[show abstract][hide abstract] ABSTRACT: A2M is a broad spectrum proteinase inhibitor and cytokine carrier, besides presenting anti-apoptotic activity through the binding to its receptor, LRP. During Trypanosoma cruzi infection, apoptosis of host cells and intracellular parasites is commonly observed both in vivo and in vitro. Since plasma as well as tissue A2M levels are increased in both murine and human acute T. cruzi infection, we evaluated the possible role of A2M (its methylamine transformed Fast form-A2M-F) in regulating apoptotic events in peritoneal macrophages and cardiomyocytes during in vitro interaction with the parasite. Our data showed that DNA fragmentation (a hallmark of apoptosis) of both host cells and parasites was inhibited by A2M-F. Impaired apoptosis was also noted when A2M-F was added to the cultures maintained under serum deprivation. In addition, macrophages from C57/BL6 mice, known to display higher LRP levels as compared to those of C3H lineage, displayed higher reduction in the apoptotic levels during the A2M-F treatment.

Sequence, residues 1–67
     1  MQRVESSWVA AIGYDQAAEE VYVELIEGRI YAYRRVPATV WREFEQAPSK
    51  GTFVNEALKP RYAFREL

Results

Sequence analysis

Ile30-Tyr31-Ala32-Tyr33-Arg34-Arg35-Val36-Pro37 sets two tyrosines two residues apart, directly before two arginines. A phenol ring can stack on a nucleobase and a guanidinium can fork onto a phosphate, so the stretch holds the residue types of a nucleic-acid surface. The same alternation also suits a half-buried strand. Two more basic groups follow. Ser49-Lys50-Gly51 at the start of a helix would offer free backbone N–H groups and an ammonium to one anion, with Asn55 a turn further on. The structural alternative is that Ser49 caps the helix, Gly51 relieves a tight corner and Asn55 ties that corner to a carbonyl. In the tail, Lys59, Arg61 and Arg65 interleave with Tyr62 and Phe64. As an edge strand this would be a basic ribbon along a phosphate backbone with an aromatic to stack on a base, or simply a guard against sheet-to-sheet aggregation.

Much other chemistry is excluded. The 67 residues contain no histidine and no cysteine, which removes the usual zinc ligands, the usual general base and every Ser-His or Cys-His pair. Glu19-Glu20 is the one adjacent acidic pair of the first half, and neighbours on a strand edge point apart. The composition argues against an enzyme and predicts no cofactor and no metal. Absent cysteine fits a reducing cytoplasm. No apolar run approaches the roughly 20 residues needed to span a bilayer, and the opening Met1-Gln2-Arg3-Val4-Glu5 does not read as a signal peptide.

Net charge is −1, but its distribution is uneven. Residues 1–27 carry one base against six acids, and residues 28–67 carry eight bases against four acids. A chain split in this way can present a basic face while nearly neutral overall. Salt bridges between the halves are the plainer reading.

[show abstract][hide abstract] ABSTRACT: Two aromatic diamidines, furamidine (DB75) and its phenyl-substituted analogue (DB569), which exhibit trypanocidal activity, were assayed against Trypanosoma cruzi and were found to induce apoptosis-like death characteristics such as nuclear DNA condensation and fragmentation, decreased mitochondrial membrane potential and phosphatidylserine exposure. DB569 displays superior trypanocidal activity compared to furamidine and also had higher ability to induce apoptosis-like death in treated parasites. The present results showing apoptosis-like death in T. cruzi after treatment with both DB75 and DB569 make important contributions to the understanding of the mechanisms of the aromatic diamidines, which represent promising trypanocidal compounds.